Doi Yorimune came up to Mizugaoka and visited Mugaku (Bukko), a general of the Zen sect, and asked about the worship of Benzaiten (goddess of prosperity) of Enoshima Island. He recalled how on the fifth day of the fourth month of the second year of Yowa (1182), the Minamoto general Yoritomo had been strolling on the beach at Namigoe on the way to Enoshima, and there had met the holy man Bungaku who was a devotee of Benzaiten. He said he would pray for the general’s success in arms, and arrangements were made for sacrificial ceremonies, and the erection of a stone torii. This was, he added, really with the motive of exorcizing the curse pronounced by Fujiwara Hidehara (on the Minamotos). He concluded: ‘I have brought a picture of the blessing being conferred by Benzaiten.’
The teacher said: ‘The devotee of Benzaiten prayed to Benzaiten for the military glory of the Minamoto general, and to avert the curse of the other general of those days – is that a male divinity or a female?’
Doi said: ‘Whether Benzaiten is a god or a goddess, I do not know. I only know that the form in the picture here is a goddess.’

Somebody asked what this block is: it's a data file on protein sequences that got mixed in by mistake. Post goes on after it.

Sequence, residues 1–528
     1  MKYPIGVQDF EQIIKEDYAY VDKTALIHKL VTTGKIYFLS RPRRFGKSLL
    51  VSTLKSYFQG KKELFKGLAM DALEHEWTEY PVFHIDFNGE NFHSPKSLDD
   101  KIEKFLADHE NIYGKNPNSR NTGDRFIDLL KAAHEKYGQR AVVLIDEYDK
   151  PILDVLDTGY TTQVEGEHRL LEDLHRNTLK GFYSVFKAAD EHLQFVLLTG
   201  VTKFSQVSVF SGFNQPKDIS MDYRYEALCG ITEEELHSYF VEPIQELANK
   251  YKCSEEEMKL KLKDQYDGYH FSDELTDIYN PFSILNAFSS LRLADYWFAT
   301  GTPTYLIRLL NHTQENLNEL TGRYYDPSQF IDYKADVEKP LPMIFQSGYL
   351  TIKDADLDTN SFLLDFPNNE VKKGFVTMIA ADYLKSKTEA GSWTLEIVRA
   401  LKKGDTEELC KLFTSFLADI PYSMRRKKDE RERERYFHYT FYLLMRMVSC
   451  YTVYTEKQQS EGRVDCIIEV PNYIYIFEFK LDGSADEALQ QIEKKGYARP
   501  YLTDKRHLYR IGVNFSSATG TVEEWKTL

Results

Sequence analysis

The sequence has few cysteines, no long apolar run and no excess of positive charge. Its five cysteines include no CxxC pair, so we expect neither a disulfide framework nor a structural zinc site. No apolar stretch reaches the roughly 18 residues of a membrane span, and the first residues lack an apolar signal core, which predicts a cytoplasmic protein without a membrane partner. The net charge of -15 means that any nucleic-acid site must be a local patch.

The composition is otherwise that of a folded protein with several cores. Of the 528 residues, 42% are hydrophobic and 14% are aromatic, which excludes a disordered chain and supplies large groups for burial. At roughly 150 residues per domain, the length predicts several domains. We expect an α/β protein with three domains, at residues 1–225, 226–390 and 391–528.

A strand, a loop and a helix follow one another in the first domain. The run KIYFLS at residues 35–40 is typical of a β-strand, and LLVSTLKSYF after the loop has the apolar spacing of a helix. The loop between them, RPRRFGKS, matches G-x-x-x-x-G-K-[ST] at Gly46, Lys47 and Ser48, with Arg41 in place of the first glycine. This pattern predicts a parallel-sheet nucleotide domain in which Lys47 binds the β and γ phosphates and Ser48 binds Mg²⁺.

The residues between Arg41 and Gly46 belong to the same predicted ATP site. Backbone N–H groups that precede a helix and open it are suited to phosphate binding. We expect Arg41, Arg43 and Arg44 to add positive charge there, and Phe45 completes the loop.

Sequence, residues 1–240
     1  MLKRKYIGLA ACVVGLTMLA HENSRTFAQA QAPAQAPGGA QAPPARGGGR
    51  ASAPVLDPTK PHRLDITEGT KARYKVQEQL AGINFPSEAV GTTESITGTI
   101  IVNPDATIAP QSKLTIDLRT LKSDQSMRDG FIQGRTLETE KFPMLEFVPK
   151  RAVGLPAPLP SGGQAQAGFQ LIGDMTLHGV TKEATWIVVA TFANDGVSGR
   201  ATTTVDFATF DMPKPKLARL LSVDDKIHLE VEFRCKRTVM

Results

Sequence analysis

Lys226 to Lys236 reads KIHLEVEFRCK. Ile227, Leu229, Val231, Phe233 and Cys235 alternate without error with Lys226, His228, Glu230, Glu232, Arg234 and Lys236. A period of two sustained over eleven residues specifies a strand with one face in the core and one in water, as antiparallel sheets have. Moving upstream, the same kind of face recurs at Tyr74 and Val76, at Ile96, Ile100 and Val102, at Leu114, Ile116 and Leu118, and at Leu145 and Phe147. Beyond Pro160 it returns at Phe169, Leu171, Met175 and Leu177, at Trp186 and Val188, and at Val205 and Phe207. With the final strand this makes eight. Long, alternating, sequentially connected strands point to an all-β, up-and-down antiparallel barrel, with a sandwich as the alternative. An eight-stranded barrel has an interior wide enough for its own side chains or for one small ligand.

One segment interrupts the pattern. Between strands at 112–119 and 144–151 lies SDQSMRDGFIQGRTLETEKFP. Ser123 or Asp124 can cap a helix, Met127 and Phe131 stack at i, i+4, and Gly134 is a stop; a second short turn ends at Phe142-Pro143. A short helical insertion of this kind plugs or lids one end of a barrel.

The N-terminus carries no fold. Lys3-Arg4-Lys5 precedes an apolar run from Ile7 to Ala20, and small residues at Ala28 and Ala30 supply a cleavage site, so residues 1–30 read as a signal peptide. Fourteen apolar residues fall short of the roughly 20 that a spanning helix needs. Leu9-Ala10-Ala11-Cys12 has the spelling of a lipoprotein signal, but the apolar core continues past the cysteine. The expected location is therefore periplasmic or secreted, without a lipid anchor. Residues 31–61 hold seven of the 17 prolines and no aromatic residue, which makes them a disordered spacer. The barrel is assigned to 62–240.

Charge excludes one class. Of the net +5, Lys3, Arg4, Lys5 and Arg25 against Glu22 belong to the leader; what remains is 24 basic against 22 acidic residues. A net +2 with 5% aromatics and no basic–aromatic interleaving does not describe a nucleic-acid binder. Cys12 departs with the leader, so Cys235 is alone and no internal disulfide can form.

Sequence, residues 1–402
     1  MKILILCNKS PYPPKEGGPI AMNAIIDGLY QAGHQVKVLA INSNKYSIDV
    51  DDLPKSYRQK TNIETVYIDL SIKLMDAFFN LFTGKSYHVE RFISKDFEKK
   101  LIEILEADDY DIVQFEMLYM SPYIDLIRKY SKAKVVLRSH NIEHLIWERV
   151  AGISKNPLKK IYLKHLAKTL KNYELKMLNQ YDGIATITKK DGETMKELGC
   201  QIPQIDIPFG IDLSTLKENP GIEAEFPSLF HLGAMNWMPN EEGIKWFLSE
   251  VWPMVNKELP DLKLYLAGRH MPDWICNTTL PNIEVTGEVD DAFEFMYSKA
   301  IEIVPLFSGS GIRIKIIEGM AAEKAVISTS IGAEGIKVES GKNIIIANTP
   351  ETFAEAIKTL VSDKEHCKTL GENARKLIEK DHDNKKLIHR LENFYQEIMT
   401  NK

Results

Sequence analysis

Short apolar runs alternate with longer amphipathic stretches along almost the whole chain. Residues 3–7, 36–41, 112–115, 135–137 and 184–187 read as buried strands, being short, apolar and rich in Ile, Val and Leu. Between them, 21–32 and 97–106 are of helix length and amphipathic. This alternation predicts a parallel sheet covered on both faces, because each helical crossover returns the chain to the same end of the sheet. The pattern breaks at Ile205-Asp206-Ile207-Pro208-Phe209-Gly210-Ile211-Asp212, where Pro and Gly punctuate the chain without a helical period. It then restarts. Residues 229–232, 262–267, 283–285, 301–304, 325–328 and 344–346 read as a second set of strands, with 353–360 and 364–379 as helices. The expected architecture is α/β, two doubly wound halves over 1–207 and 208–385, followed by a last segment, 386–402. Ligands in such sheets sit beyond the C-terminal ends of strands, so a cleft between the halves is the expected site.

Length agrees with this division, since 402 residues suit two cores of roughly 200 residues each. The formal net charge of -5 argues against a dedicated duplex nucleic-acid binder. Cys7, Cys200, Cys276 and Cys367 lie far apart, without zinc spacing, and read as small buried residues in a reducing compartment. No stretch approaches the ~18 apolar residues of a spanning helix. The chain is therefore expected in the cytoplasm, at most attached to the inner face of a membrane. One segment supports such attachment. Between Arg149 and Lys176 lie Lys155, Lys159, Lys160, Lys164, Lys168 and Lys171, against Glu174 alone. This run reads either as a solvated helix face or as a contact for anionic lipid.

The teacher said: ‘So you go by the form. I suppose you would think that a woman warrior dressed in man’s clothes would be a man?’
Doi said: ‘Well then, is Benzaiten a male dressed as a female?’
The teacher replied: ‘Do you worship Benzaiten as a god or do you worship Benzaiten as a goddess?’
Doi said: ‘The reason I worship is nothing to do with whether it is a god or a goddess. I just pray for my welfare.’
The teacher at once caught hold of Doi and rubbed his face, first against the grain of the beard, and then with the grain. Doi did not understand what he meant. The teacher said:
‘This fellow! He has never believed in Benzaiten at all. Why does he come here wanting to get approval from me?’
(1) Is Benzaiten a god or a goddess? Say!
(2) What did Bukko mean by rubbing Doi’s face with the grain and against the grain? Say!
This incident became a koan in Kamakura Zen when Issan, the 7th master at Enkakuji, gave it to Suko, a mountain hermit.